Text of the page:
Want to create a mixed reality game with a steel framed cube? Join Bit Space at the Chicago Northside Mini Maker Faire!
Located in Lincoln Square, Bit Space’s mission is “to engage, enrich, and educate the creative and critical minds of our youth, using a full spectrum of material and computational skills for open-ended inquiry and design-build projects. From complete beginners through PhD caliber research, Bit Space can prepare young makers for any future they wish to pursue.” In conversation with co-founder Thomas Kearns, he explains, “Emerging technologies are transforming the way we make things, and the way we live, work, and play are increasingly a convergence of material and computational intelligence.” The space has several classes for ages starting at 6 years up to 18 years. They run many different classes from summer camps, workshops, and exciting birthday parties. BIt Space has many different projects available including making a skateboard “from a stack of raw veneer to a tricked out and completely custom, fully functional board they can ride out on.” Kearns explains, “Recent projects have included pewter casts using laser cut molds, laser trip wires without microcontrollers, interactive sound and light projects built with Arduinos, and virtual reality obstacle courses complete with physics based interactive elements.”
For Chicago Northside Mini Maker Faire, BIt Space will be bringing a prototype of a new project that they’ll run in their summer camp called “Inter-Act.” There, they will create “a 10′ steel framed cube which will serve as the armature/enclosure for a week long group project. Each week of the camp, the participants will re-conceive and implement a new identity or program for the cube using a range of technologies. With each new group will come a new set of interests and aspirations and hence a whole new concept for the cube. Right now Bit Space is “feverishly working on setting up some of the core building blocks for this, with body tracking using Kinect to augment the tracking within Oculus Rift and an improved communication framework for Arduino and Unity3d. We’re going to bring the Beta version of the cube to the Chicago Northside Mini Maker Faire, and work with participants to build out a mixed reality game experience that pits a group of people outside the cube with or against a brave soul wearing the Oculus inside.” That sounds really swell.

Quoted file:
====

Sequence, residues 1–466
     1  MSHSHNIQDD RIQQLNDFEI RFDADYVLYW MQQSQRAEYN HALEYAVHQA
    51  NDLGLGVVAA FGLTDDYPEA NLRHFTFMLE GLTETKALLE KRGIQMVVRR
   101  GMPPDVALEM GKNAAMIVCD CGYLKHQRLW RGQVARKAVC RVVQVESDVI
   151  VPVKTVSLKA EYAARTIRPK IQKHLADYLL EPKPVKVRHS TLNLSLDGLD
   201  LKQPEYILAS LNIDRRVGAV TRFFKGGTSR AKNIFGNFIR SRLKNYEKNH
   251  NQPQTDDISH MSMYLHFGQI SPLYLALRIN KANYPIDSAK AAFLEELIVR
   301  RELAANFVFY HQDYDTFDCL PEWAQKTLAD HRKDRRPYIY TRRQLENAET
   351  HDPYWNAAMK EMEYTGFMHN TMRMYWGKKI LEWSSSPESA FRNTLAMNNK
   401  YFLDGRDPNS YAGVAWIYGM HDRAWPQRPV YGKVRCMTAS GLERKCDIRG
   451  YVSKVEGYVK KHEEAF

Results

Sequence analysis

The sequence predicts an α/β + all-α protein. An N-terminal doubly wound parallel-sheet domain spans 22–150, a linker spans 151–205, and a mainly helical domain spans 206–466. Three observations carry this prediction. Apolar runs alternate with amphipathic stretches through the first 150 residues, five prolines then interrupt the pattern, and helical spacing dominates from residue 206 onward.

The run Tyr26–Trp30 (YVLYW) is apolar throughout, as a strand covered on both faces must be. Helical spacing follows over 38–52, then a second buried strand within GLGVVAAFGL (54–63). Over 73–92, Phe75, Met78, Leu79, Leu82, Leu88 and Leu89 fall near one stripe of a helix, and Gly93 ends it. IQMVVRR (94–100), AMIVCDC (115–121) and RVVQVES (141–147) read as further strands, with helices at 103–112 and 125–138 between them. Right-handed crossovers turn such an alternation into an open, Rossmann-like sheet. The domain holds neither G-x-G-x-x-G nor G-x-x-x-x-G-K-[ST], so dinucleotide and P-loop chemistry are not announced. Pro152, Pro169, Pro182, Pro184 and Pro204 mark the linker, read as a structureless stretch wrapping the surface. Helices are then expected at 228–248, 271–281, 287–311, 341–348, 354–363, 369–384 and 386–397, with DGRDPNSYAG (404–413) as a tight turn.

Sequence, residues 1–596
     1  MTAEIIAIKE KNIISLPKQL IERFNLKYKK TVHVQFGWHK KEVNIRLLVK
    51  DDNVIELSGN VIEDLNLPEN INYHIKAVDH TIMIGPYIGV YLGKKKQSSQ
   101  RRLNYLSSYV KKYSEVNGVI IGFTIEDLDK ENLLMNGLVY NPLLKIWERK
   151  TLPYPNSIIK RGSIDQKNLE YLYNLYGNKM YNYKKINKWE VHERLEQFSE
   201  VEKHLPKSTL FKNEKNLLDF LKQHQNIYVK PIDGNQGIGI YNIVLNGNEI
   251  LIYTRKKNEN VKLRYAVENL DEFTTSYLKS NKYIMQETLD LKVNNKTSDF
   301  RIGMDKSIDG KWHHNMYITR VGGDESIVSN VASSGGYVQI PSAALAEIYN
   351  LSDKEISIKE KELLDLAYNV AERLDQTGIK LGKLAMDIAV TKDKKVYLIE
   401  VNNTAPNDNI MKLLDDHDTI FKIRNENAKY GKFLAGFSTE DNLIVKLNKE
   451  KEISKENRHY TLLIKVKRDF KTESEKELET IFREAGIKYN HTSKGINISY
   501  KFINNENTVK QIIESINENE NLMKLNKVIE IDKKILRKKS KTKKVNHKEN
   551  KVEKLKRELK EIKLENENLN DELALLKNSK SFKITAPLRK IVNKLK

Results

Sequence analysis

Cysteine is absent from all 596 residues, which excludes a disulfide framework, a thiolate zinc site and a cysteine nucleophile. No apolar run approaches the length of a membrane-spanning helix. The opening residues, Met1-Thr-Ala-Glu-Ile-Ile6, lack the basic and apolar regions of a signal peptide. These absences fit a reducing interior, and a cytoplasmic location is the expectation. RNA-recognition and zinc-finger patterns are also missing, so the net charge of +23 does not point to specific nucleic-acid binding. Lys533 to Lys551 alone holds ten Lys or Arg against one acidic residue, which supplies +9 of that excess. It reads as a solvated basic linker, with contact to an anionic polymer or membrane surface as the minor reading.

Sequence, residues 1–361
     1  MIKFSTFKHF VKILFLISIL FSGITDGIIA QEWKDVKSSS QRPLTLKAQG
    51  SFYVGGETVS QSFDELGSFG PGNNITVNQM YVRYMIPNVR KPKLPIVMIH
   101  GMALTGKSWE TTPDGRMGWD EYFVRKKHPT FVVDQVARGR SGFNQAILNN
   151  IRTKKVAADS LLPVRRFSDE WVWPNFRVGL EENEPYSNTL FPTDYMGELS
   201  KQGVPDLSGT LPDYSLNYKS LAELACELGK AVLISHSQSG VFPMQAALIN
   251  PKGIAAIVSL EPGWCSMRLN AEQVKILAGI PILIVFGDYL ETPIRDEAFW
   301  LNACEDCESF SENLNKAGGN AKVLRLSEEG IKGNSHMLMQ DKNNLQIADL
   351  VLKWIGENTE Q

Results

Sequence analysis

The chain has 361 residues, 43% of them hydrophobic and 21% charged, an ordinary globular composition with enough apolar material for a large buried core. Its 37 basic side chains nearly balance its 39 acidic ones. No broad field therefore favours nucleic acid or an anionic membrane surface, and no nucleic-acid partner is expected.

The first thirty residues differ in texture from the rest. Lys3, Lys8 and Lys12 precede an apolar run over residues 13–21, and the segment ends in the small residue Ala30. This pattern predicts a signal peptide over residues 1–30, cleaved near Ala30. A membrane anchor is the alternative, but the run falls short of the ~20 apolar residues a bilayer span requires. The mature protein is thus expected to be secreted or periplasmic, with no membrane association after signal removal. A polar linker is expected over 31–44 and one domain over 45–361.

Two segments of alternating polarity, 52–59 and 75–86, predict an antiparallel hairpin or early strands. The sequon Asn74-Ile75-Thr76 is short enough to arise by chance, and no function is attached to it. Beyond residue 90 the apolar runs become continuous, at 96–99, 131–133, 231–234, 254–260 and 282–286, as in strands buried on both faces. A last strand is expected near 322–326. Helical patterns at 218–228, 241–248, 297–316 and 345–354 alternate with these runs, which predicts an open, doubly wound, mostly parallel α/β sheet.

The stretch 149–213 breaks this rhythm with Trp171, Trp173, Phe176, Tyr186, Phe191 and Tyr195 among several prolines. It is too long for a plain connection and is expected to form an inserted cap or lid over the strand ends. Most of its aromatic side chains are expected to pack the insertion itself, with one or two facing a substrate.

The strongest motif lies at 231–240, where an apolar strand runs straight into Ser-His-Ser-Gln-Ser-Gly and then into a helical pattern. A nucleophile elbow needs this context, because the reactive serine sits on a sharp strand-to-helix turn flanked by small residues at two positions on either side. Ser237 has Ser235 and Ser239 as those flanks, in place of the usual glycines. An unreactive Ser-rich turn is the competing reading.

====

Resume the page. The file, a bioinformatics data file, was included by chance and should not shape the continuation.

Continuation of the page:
Check out a video of the project here: https://youtu.be/3oqQfMf71L0
Come one, come all and join Bit Space and their amazing mixed interactive Cube at Chicago Northside Mini Maker Faire!
Want to travel to far away and impossible places without even moving? Come to the Digital Media Green Screen at the Chicago Northside Mini Maker Faire!
Caitlin Stich, leading teacher for the program, explains: “Digital Media at Schurz is a four year program that teaches students the tools and techniques needed to be a graphic designer in the professional world.” There are over 100 students in the program with even more students joining in the fall as freshmen.
For Chicago Northside Mini Maker Faire, participants of the faire will have the opportunity to learn and play with a green screen. According to Caitlin Stich, “The green screen, or really any solid color screen, allows us to easily change the background of an image. First we will have our guests choose a background from our selection which is full of cartoon landscapes, and other silly places. Then guests stand in front of the green screen and act out their scene such as if their background has the T-Rex from Jurassic Park chasing them, maybe they are pretending to be scared running away. Guests can either take the photograph using our DSLR cameras of each other or have our professional Digital Media artists take the photograph.” They’ll upload the photos to Google Drive so anyone can use them for Facebook or whatever! People should come and learn about this technology used so often as “special effects” in movies. Also, people should get ready to get silly and have fun with it! Digital Media is excited to meet new potential students who may be interested in joining the program in their Freshmen year.
We can’t wait to “go places” with the Digital Media Green Screen at Chicago Northside Mini Maker Faire!